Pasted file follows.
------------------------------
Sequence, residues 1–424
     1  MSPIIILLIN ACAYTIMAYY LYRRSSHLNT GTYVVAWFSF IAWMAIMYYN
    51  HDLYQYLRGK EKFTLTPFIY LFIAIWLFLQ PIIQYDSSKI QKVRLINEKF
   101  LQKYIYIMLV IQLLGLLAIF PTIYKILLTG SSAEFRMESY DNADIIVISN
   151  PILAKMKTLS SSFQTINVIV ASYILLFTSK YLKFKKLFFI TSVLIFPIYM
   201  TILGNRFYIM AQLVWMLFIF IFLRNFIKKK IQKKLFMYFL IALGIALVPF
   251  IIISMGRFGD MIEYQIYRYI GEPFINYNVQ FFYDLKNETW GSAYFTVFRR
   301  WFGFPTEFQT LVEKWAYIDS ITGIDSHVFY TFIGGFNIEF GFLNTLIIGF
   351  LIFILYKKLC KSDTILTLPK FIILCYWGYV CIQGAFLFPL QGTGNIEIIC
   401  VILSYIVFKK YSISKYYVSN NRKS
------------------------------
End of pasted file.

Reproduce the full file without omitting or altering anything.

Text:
Sequence, residues 1–424
     1  MSPIIILLIN ACAYTIMAYY LYRRSSHLNT GTYVVAWFSF IAWMAIMYYN
    51  HDLYQYLRGK EKFTLTPFIY LFIAIWLFLQ PIIQYDSSKI QKVRLINEKF
   101  LQKYIYIMLV IQLLGLLAIF PTIYKILLTG SSAEFRMESY DNADIIVISN
   151  PILAKMKTLS SSFQTINVIV ASYILLFTSK YLKFKKLFFI TSVLIFPIYM
   201  TILGNRFYIM AQLVWMLFIF IFLRNFIKKK IQKKLFMYFL IALGIALVPF
   251  IIISMGRFGD MIEYQIYRYI GEPFINYNVQ FFYDLKNETW GSAYFTVFRR
   301  WFGFPTEFQT LVEKWAYIDS ITGIDSHVFY TFIGGFNIEF GFLNTLIIGF
   351  LIFILYKKLC KSDTILTLPK FIILCYWGYV CIQGAFLFPL QGTGNIEIIC
   401  VILSYIVFKK YSISKYYVSN NRKS